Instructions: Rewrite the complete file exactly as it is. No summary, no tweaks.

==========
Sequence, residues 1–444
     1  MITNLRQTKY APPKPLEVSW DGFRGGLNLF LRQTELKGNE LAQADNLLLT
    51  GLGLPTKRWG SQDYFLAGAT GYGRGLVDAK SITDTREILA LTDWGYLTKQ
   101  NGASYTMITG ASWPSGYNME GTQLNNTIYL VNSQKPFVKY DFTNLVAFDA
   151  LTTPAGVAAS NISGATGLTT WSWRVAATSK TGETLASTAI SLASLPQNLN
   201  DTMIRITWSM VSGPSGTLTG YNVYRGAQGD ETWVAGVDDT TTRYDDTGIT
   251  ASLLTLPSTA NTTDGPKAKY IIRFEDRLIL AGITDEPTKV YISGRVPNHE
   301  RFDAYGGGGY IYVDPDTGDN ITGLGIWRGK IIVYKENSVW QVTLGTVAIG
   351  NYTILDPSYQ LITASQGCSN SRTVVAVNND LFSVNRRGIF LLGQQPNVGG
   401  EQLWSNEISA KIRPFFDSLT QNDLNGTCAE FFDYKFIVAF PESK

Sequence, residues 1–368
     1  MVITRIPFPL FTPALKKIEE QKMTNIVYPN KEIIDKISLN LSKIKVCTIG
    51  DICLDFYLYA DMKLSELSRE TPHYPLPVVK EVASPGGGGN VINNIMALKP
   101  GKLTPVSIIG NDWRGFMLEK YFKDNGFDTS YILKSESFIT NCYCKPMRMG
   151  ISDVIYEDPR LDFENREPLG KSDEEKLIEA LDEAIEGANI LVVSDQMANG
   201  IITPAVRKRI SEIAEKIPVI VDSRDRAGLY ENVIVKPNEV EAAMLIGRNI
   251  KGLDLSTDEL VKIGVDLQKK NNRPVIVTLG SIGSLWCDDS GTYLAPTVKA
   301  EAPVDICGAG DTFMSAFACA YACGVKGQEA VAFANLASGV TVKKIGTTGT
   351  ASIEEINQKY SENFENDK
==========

Sequence, residues 1–444
     1  MITNLRQTKY APPKPLEVSW DGFRGGLNLF LRQTELKGNE LAQADNLLLT
    51  GLGLPTKRWG SQDYFLAGAT GYGRGLVDAK SITDTREILA LTDWGYLTKQ
   101  NGASYTMITG ASWPSGYNME GTQLNNTIYL VNSQKPFVKY DFTNLVAFDA
   151  LTTPAGVAAS NISGATGLTT WSWRVAATSK TGETLASTAI SLASLPQNLN
   201  DTMIRITWSM VSGPSGTLTG YNVYRGAQGD ETWVAGVDDT TTRYDDTGIT
   251  ASLLTLPSTA NTTDGPKAKY IIRFEDRLIL AGITDEPTKV YISGRVPNHE
   301  RFDAYGGGGY IYVDPDTGDN ITGLGIWRGK IIVYKENSVW QVTLGTVAIG
   351  NYTILDPSYQ LITASQGCSN SRTVVAVNND LFSVNRRGIF LLGQQPNVGG
   401  EQLWSNEISA KIRPFFDSLT QNDLNGTCAE FFDYKFIVAF PESK

Sequence, residues 1–368
     1  MVITRIPFPL FTPALKKIEE QKMTNIVYPN KEIIDKISLN LSKIKVCTIG
    51  DICLDFYLYA DMKLSELSRE TPHYPLPVVK EVASPGGGGN VINNIMALKP
   101  GKLTPVSIIG NDWRGFMLEK YFKDNGFDTS YILKSESFIT NCYCKPMRMG
   151  ISDVIYEDPR LDFENREPLG KSDEEKLIEA LDEAIEGANI LVVSDQMANG
   201  IITPAVRKRI SEIAEKIPVI VDSRDRAGLY ENVIVKPNEV EAAMLIGRNI
   251  KGLDLSTDEL VKIGVDLQKK NNRPVIVTLG SIGSLWCDDS GTYLAPTVKA
   301  EAPVDICGAG DTFMSAFACA YACGVKGQEA VAFANLASGV TVKKIGTTGT
   351  ASIEEINQKY SENFENDK